CARE visits Haitian town flooded by hurricane
Bertrand, CARE Haiti Emergency Team
09:00, Nov. 6, 2010
Saturday was a busy day for CARE's team. I spent the day with CARE teams on their field visit to LÃÂ©ogÃÂ¢ne. When we arrived in the downtown area, I was shocked by the level and the strength of water in the streets. The Rouyonne River had overflowed. Once again. And it has washed away a substantial part of downtown.
People are walking in the knee-deep water filled with garbage, human waste, bugs, and what else...
Women and men were cleaning their houses or shelters, removing the mud and trying to make it look clean. Truth is, I am concerned that a broomstick is not enough to sanitize a place that was filled with filthy water.
Yet, amazingly, not everyone we met was in despair. Indy, a young women living with her mom, was cleaning their little brick house. Her mom was telling me it was enough, it had to stop. She was cleaning her clothes as Indy was removing the muddy water from the one room they use as a kitchen, living room, dining room and bed room. Indy was smiling to me, and I asked her if she was upset. She said, "No ... What would it change?"
(Indy cleaning her house in LÃÂ©ogÃÂ¢ne after Hurricane Tomas flooded the town. Photo: Marie-Eve Bertrand/CARE)
I stopped to visit the family living in CARE's first temporary shelter. I remember meeting her this summer, as she was just about to move in. It would have been great to meet her in a better situation. She lost everything but her family in January. This time, their belongings were pilled up, the mattress was wet, the walls were dirty, and her ti-moun (child) was hungry.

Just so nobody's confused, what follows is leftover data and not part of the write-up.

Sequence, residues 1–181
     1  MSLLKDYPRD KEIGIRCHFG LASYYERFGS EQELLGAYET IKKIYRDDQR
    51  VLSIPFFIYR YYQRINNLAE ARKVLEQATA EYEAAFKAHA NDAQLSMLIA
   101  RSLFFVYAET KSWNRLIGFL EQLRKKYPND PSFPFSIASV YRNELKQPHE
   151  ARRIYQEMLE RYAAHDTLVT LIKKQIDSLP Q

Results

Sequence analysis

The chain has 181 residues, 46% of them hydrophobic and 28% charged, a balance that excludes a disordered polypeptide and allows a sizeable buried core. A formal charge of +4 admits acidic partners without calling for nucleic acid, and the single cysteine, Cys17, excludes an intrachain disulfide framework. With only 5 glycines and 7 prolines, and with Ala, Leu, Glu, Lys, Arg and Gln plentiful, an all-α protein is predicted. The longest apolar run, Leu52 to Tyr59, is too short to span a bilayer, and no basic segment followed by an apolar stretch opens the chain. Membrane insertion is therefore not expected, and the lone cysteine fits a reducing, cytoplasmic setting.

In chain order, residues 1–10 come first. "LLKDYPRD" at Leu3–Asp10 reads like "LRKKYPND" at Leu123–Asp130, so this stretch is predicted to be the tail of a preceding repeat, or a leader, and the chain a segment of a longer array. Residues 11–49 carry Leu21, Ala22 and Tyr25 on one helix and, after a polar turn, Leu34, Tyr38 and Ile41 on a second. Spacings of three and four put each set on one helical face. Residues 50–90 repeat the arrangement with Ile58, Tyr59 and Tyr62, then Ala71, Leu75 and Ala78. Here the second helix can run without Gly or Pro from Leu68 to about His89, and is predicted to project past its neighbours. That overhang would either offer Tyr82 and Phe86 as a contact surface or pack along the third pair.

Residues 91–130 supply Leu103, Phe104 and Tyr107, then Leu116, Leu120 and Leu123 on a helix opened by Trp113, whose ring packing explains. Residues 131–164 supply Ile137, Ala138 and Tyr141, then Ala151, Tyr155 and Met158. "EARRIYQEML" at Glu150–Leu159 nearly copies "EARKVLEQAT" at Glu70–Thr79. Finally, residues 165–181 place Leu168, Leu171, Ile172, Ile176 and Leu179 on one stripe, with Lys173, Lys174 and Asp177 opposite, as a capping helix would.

She looked at the sky and said: "This is an act of God, what else can I say? But it's enough. I want fresh food for my kids, I don't want them to be sick. There are very few latrines here. People do their things in bags and throw them in the canal. It was always like that. Now the canal is overflowing."
(Read more about CARE's work helping survivors have a sturdy roof over their heads and a strong foundation to rebuild their lives. Photo: Marie-Eve Bertrand/CARE)
Yes, it is. And I saw those bags floating around. Filled with human waste. While kids were playing around ...
Cholera, of course, is on the mind of everyone, including the CARE staff. Sunday, our CARE team distributed help to 9500 beneficiaries in LÃÂ©ÃÂ´gane. We gave them aquatabs, Hygiene kits or BP5 (high energy biscuits) based on their needs. The response is done in partnerships with the other NGO's on the ground.
In Bino Lester, a grandma walked up to me. Her crops had flooded. She was frustrated. Enough, she said. This has to stop. Even the strong people of Haiti have their limits.
Tomorrow, I head to GonaÃÂ¯ves, where a CARE team will continue distributions and raise awareness of health risks such as cholera. The flooding was quite serious there. I might see another smile like Indy's. But given the triple-dose of disaster in Haiti these days, it would not surprise me if I did not.